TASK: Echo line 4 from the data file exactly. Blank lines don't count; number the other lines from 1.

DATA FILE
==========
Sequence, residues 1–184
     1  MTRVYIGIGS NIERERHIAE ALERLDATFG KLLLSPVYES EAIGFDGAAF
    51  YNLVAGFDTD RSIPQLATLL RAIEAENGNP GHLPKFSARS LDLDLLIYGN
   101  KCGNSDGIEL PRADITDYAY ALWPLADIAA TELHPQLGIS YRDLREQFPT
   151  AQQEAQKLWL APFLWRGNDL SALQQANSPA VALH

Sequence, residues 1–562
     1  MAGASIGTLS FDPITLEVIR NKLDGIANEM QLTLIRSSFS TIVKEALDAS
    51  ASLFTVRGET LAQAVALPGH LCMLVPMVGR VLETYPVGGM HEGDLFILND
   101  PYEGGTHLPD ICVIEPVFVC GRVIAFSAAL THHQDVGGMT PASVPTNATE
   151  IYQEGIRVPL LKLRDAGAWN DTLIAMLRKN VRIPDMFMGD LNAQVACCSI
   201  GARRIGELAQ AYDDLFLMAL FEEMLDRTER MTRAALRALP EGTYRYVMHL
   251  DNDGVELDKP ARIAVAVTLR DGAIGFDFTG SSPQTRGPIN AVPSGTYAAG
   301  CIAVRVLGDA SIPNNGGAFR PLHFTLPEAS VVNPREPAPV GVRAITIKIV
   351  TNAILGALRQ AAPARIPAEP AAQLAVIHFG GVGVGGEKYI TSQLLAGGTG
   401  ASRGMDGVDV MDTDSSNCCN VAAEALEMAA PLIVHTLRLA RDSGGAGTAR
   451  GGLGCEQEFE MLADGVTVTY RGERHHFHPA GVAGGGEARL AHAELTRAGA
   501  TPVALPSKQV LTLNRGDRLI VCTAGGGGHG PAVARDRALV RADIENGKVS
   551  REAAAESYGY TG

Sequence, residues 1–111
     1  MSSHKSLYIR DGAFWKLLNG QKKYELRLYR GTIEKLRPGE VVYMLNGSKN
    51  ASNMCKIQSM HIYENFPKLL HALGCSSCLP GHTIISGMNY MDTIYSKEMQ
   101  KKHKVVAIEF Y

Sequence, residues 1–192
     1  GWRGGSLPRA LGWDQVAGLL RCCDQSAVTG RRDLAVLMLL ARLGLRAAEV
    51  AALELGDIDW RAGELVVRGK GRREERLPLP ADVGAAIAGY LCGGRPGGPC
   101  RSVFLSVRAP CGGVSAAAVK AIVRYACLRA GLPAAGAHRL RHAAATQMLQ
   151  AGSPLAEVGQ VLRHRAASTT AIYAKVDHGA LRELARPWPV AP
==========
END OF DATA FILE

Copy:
   101  KCGNSDGIEL PRADITDYAY ALWPLADIAA TELHPQLGIS YRDLREQFPT